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Scars Above Review – Proof A Single-Player ‘Alien’ Shooter Could Be Good (PS5)

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Scars Above is the latest release from Mad Head Games and published by PLAION and Prime Matter, and it’s safe to say this is a far cry from the studios previous releases like Adam Wolfe and 100 Doors. Following the SCARS team into outer space on a mission to find intelligent life, the game starts just as the team are planning to land on an alien planet with the hope and intention of meeting and greeting potential alien lifeforms. Everything quickly goes wrong, the team are scattered and possibly dead, and the ship is destroyed and scattered across a hostile and terrifying alien landscape.

Related: Like a Dragon: Ishin Review; The Man with Two Names (PS5)

That all sounds like standard fare for a sci-fi third person shooter, but Scars Above is anything but. There’s no open world to explore with Scars Above, but the openness of the linear world and semi-returning to the same place gives it an open-world feel, and it will be said that the character models (especially our protagonist Kate Ward) are average in design and certainly in lip-sync to the so-so voice acting; but the main character of the game is the world itself and it is gloriously brought to life, both graphically and the immersive feel of it being lived in. There was never a point I grew bored of looking around or exploring, finding new species of animals and plants alike. I was always wondering what was coming next, and very rarely disappointed by the result.

Scars Above

The gameplay itself is simple to learn and understand, yet difficult to master in those split-second firefights. There are four basic elemental weapons/guns found as you progress – the standard fire, ice, electric and acid/poison -, which are used to combat various different mutated animals and enemies. Various gadgets will help you accomplish this including the ability to throw a ‘holo-lure’, which is a human-sized and shaped distraction, a ‘gravity trap’ which slows down enemies to a crawl, allowing you to get in behind them and really punish them, and many more. To the game’s credit, the enemies and their weaknesses are varied enough that I wasn’t relying on just one particular gadget throughout, although the gravity trap is by far the most fun.

Related: Wanted: Dead Review: A Love Letter to a Forgotten Era (PS5)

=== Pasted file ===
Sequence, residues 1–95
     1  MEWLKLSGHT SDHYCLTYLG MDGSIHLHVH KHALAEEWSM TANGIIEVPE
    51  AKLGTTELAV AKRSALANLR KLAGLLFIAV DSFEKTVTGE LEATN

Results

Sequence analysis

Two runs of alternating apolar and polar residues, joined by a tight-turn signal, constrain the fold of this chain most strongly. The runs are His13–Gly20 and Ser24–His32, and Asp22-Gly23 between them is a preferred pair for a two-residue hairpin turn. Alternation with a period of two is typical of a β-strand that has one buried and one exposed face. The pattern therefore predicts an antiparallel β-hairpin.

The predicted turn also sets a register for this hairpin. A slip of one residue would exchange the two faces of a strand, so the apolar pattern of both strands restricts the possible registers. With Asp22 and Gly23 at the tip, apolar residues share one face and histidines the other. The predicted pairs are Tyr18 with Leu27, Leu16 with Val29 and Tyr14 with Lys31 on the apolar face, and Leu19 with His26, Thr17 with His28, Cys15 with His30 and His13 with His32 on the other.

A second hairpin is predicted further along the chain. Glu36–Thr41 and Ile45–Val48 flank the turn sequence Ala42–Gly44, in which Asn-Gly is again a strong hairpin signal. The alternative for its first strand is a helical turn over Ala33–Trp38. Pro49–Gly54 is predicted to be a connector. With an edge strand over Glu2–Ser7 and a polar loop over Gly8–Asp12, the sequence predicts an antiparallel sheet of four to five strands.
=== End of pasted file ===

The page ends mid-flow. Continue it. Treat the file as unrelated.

Scars Above – Just Run!

As well as the standard enemies scattered throughout the levels, the game throws some truly disturbing and fun bosses at you intermittently. Once you unlock the skill to allow scanning, these bosses become infinitely easier, but all are a surprisingly comfortable level of difficult, and two in particular are the most fun and rewarding boss battles in recent times. More than just simply shooting them, you’re required to think outside the box and put what you’ve learned so far to good use… you’ll know which boss I’m referring to come the time.

scars above

The levelling up system of Scars Above is cleverly disguised behind a knowledge system, where our protagonist Kate is attempting to figure out where she is, where her team is and what’s happened, whilst piecing it all together as to why they’ve been ‘summoned’ to this alien planet. Simple yet different. The same could be said for the story, which won’t be winning any awards, but it did keep me entertained for the six or so hours it took to go from start to finish, and I’ll gladly be going through the experience again. That’s what Scars Above is – an experience. An incredibly fun, well-crafted and clearly lovingly designed experience.

If Alien, Prometheus and Returnal were to have a child, you’d get Scars Above, and it’d be remiss to ignore how fun, terrifying and intriguing that sounds.

Scars Above

Scars Above is a AA game in development only, with the finished product being bigger and better than the sum of its parts, and the game coming across as a far more polished and fun experience compared to that of it’s AA compatriots.


Like a Dragon: Ishin

Scars Above was played and reviewed on a code supplied by Premier Comms.

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Written by Luke Addison

Luke Addison is a writer for Fandomwire. He's an avid consumer of all things movie, TV, comics and gaming, especially Marvel.

Insta: @callmeafilmnerd
Twitter: @callmeafilmnerd